Charitable acts and incentives.
“Why should I do anything at all for anyone else without something in it for me?” that is the attitude of some people before doing a charity work. In today’s society we live in a world of opportunity but unfortunately not everyone get an opportunity. For those who are less fortunate, receiving donations may be the only way those people get to survive. In many high schools, clubs, and organization, charity drives are sponsored in exchange for incentives. In Randy Cohen’s column “The Ethicist” in the New York Times Magazine, he is told that “Some teachers offer bonus points on test and final averages as incentives”. Some people say to provide an incentive to do charitable acts undermines the purpose of charity itself. However, this does not mean that it is ethically wrong for incentives to be offered in exchange for charitable acts. Therefore I agree that incentives should be offered in exchange for charitable works.
Fundraising is a form of charity which is done almost everywhere. The purpose of fundraising is to raise money to reach a certain goal. Offering incentives can increase the amount of participants to reach that goal. For example, in my sister middle school they were told to sell a book to raise money for class activities. In order to get everyone to participate in this fundraiser, teachers said that if everyone in the class sold at least one book they will have a class party. This worked really well because everyone wanted to have a class party so everyone participated and lots of books were sold to get money for the class so they were able to have the class party. However, some people argue that given incentives for charitable acts takes away the idea of charity being voluntary and it is not for personal gain from additional incentives but in reality, incentives help to get more charity for organizations that normally do not get enough people to participate. The idea of charity is to help others. I think that if some incentives help to gain charitable donations, then it is better than having less people to donate.
The system of incentives offers people to experience charitable acts.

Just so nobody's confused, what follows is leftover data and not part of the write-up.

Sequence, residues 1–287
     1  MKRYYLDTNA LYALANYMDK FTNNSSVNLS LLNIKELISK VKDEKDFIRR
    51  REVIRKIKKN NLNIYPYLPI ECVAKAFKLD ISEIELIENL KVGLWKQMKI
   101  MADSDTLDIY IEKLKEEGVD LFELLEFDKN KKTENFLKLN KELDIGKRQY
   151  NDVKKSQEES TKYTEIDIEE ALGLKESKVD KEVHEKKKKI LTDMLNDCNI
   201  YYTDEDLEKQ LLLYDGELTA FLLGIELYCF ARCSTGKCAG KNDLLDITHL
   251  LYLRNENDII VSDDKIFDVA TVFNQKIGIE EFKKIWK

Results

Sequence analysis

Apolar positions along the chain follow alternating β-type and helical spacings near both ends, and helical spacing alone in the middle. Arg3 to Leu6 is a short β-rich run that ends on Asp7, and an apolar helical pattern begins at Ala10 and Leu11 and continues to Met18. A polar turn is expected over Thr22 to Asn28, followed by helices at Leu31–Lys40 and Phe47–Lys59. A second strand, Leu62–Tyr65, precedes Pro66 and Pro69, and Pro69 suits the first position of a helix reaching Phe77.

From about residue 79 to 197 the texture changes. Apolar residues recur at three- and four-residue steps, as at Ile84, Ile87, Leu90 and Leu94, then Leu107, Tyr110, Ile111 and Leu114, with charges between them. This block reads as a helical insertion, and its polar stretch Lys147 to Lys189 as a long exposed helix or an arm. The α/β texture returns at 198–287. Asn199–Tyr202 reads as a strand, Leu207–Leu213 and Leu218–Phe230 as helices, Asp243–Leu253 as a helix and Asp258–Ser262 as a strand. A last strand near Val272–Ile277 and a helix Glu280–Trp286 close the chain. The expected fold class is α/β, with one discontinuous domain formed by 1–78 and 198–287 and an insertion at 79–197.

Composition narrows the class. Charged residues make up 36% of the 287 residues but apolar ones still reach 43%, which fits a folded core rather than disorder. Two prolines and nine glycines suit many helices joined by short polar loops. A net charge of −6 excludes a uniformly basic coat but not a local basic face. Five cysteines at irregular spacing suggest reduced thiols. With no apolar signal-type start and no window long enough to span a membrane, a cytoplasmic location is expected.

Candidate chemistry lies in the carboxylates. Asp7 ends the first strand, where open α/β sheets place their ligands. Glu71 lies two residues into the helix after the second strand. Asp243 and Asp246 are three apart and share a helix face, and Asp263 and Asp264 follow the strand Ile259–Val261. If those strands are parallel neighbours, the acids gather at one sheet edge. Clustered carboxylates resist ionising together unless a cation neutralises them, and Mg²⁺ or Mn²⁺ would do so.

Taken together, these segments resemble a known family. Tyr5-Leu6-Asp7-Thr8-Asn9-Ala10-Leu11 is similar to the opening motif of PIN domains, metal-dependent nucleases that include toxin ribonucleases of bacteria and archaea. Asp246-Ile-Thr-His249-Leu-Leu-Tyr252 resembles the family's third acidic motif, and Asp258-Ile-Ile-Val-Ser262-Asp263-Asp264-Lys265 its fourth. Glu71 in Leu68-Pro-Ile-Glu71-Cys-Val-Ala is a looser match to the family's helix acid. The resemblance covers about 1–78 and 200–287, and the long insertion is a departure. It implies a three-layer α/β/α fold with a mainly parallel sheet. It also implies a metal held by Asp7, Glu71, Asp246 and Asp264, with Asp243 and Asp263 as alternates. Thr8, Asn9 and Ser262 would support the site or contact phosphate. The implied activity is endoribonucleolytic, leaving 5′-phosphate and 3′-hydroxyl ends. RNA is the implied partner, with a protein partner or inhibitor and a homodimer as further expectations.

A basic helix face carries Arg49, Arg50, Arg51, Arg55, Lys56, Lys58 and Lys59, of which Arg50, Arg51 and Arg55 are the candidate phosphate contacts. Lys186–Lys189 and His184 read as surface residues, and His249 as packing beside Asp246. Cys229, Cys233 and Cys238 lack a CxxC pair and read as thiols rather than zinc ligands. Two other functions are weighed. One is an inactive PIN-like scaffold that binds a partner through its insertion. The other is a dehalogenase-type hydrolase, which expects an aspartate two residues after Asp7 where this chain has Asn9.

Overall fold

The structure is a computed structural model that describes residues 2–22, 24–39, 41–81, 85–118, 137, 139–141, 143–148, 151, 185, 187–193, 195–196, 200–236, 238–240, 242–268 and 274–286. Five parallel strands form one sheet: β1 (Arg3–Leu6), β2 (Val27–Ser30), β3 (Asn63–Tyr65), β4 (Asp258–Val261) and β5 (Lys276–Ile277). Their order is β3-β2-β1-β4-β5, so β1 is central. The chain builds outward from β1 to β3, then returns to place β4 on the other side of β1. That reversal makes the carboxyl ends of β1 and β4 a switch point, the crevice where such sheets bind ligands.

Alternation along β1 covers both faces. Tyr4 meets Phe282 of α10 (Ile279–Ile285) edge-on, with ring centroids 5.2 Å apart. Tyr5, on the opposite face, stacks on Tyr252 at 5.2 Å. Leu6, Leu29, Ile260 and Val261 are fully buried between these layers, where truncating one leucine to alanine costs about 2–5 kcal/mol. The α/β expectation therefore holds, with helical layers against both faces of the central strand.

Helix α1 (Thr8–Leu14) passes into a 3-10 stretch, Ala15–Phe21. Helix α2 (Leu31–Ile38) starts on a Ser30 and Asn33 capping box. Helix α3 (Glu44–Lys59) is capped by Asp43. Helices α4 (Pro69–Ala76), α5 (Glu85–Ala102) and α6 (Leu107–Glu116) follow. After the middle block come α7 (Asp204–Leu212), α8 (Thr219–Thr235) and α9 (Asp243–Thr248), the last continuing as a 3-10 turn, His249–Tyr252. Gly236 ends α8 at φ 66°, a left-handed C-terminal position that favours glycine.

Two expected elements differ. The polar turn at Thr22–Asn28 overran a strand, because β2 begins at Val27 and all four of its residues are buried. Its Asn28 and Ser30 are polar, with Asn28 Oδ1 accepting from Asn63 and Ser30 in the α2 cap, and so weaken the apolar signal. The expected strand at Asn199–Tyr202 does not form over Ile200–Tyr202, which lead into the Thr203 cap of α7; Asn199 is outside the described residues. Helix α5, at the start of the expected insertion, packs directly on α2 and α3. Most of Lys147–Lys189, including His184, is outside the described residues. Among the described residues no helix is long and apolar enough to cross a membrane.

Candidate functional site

Charitable people like to get things back for donating. Everyone likes incentives. Offering incentives might draw people who were not interested in donating at first. This year, lots of people were nominated for NHS but since not everyone does volunteer work, they still needed signatures for their application so they started to look for volunteer work. My cousin and his friend were one of those people who were looking for volunteer work they got one at my church so they were able to get the signatures for their application. The incentive for signing for people drew a lot of people who do not like to do volunteer work, to volunteer. Since the human population is selfish, if incentives weren’t offered, my cousin wouldn’t have volunteered.
Offering incentives has its benefit and should somewhat be limited to make it fair for everybody. In Cohen’s question that he was asked in “The Ethicist” mentions that bonus points were used on test as incentives just because people donated more. The performance of each student varies and therefore they shouldn’t be given high grades because they donated more. Incentives should be offered so that the system is fair for everyone. Last year my school had a penny war. It was a completion between the four classes and whichever class won was allowed to have a pizza party, this was fair because it made everyone participate and students were not given higher grades for donating more. Therefore I think incentives can be offered for charity work.